An example of such a lake can be found on the shaded north side of Culross Island.  The picture below and on the left shows the lake still mostly covered in ice at the end of July.  The lake likely won't be completely ice free until early to mid August.  Then because the water is so cold it will probably start freezing during cold nights in late September.  So on years like this one, where there was a lot of snow in this area, this lake will only be ice free for a max two months of this year.  That's remarkable considering the elevation of this lake is barely 500 feet above sea level and it's within a half mile of the ocean which offers a thermal buffer and keeps the area from getting really cold like interior Alaska.

Late July and ice still on most of the lake.

The lake's outflow.  Cold and clear water. Location of the lake.
Summer 2012:  The PWS Trusty Backup Plan ... A Kayak

Prince William Sound is my favorite to place to recreate (and hide) in the summer.  There are endless bays and islands to explore, peaks to bag, ridges to hike, snowfields to ski and a lack of summer-crazed humanity like that which overruns the rest of South-central Alaska.  There is a catch though ... it can be very wet in the Sound.  But when weather turns to clouds and rain, a kayak can save the day.  With a dry suit on it can be pouring rain and you can comfortably paddle, get a good workout and check out places that you've never been to before.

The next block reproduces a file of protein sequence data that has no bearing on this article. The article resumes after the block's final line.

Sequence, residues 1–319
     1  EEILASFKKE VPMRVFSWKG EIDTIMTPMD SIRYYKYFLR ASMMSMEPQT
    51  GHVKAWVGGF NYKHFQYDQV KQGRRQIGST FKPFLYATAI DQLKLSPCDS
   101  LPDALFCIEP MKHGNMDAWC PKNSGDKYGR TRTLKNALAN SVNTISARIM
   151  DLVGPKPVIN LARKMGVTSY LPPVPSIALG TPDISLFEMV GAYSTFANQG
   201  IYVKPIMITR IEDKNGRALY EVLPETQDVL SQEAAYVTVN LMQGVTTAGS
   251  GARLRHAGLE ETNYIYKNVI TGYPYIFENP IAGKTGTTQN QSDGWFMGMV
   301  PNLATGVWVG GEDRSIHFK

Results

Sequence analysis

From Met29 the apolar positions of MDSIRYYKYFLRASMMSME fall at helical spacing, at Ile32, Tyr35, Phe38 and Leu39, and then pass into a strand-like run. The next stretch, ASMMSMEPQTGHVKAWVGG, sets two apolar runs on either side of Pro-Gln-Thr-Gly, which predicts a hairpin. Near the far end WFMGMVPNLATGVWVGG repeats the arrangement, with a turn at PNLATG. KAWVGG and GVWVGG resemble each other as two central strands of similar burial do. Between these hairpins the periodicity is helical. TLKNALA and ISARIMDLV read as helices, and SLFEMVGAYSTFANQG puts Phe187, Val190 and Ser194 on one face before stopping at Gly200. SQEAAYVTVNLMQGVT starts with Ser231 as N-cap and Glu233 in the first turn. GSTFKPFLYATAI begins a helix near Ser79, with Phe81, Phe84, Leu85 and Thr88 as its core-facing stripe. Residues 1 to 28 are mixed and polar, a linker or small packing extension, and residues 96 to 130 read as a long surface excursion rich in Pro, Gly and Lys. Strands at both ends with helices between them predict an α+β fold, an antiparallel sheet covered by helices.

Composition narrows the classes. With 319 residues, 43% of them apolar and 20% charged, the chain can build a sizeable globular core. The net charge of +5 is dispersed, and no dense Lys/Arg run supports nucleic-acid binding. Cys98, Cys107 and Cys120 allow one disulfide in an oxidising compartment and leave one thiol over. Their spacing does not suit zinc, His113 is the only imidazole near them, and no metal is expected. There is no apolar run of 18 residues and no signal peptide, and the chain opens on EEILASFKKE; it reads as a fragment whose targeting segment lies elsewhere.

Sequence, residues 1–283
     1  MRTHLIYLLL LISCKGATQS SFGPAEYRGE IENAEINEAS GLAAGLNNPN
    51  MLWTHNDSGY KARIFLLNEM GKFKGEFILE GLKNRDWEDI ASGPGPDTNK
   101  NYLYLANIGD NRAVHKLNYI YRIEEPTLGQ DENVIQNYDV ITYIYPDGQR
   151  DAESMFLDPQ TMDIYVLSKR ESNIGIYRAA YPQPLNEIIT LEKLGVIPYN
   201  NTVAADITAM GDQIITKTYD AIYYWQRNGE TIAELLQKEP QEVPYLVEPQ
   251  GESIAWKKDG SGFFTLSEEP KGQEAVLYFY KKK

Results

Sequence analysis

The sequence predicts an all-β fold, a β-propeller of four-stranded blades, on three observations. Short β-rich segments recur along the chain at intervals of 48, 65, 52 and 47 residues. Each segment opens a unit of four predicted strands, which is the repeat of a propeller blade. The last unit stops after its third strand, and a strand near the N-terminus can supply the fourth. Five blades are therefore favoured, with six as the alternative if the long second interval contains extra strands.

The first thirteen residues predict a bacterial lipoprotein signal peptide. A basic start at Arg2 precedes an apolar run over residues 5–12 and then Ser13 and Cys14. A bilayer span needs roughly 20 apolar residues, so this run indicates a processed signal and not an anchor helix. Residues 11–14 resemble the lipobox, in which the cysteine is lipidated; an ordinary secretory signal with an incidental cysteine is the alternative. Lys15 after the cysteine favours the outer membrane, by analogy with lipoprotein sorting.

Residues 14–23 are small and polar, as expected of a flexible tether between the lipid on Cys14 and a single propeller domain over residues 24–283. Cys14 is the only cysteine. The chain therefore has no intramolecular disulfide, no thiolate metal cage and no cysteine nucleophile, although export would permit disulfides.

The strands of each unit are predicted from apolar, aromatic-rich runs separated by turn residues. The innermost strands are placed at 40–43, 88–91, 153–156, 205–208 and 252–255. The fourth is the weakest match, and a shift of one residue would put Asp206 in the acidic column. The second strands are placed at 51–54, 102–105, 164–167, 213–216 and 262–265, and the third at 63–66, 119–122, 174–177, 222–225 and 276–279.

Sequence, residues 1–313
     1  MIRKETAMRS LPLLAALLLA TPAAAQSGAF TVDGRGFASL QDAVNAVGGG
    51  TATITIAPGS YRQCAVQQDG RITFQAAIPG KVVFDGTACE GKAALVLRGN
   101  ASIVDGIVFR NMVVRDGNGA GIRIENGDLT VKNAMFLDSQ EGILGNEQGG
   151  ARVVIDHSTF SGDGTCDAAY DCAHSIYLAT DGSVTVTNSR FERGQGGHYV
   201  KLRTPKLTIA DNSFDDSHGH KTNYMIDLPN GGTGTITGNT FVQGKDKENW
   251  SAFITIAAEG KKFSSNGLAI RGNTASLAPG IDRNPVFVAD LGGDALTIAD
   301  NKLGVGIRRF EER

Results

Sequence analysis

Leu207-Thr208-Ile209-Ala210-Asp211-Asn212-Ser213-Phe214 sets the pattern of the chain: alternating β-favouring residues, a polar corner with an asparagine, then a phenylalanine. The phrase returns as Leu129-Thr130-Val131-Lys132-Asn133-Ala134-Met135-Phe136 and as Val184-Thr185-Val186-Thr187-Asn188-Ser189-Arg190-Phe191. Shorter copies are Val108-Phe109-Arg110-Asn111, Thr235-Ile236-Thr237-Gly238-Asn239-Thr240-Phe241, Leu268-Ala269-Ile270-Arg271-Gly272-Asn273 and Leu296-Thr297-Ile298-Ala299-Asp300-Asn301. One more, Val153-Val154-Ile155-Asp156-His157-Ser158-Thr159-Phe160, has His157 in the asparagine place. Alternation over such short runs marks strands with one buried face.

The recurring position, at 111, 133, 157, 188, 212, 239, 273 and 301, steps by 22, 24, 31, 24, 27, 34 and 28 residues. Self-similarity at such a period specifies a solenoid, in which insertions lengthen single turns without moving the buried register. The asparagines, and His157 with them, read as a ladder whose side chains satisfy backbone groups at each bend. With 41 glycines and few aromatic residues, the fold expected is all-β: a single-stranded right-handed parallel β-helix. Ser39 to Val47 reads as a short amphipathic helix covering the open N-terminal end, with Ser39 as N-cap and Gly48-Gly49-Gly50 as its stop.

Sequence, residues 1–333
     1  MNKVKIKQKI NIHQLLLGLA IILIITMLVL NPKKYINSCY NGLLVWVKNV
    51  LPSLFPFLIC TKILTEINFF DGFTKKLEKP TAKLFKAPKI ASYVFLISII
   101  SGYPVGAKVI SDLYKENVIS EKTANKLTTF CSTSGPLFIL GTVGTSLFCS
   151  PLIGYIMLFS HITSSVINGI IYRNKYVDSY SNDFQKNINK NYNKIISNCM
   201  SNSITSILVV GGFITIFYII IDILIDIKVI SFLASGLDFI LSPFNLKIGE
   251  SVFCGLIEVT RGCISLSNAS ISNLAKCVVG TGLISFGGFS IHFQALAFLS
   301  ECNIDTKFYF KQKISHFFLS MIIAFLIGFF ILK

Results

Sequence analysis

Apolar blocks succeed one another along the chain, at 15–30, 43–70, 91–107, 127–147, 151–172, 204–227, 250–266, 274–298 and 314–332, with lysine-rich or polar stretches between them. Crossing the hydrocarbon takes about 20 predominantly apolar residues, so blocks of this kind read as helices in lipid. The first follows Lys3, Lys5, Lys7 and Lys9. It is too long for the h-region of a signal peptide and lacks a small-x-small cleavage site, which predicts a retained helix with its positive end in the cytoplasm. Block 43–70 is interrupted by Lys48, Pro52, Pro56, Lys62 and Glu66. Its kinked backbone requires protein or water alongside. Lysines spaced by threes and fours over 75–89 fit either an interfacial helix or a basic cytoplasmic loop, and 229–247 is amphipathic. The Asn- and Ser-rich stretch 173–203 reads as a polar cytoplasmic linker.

On sunny days beached icebergs make good lounge chairs. Be prepared when kayaking in PWS.  Always travel with skis and poles strapped to your boat, and be ready to ski !
Early Summer 2012:  I Had Never Seen This Before

Recently my wife and I did the Kincaid Park (Pt. Campbell) to Fire Island and back low tide mudflats run/hike.  While doing it we met 5 people that were mountain biking the mudflats.  They made it over to Fire Island and back no problem.  They had to push bikes on the mucky parts on either side, but it looked like they were able to ride 80 percent of the route.  4 of them had fat bikes (w/super-wide tires).  One guy had normal (2 inch) tires, but that didn't seem to be hindering him much.  This was the first time I had ever seen mountain bikers doing the Fire Island mudflats trek.  More info about the Kincaid to Fire Island mudflats crossing.

Mountain bikers ride off the beach at Fire Island.  They are heading back across the mudflats towards Kincaid Park (Pt. Campbell) in the distance.

Early Summer 2012:  Bears Can Ski!

While skiing Seattle Ridge recently I came across some fresh brown bear tracks.  The bear had been ambling down a snow slope when apparently he or she decided to switch to skiing mode.  Yes indeed ... bears can ski!  ;-)

These photos show where a bear switched from walking to "skiing" mode.

It looks like the bear skidded down on his/her knees and dragged the toes of their back feet. Deep tracks in the snow tell that the bear was quite large.
Early Summer 2012:  Summer "Biathlons" You May Not Have Heard Of